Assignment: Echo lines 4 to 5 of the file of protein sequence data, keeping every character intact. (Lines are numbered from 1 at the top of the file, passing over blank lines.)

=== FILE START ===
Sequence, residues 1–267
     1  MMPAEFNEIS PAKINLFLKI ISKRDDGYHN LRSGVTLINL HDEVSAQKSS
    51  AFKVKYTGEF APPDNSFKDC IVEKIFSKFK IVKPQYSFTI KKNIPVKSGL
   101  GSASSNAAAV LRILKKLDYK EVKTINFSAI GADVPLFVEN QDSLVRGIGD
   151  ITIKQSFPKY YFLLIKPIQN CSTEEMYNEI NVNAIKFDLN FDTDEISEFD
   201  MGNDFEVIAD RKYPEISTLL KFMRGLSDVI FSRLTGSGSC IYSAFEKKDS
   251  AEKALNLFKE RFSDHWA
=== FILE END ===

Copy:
   101  GSASSNAAAV LRILKKLDYK EVKTINFSAI GADVPLFVEN QDSLVRGIGD
   151  ITIKQSFPKY YFLLIKPIQN CSTEEMYNEI NVNAIKFDLN FDTDEISEFD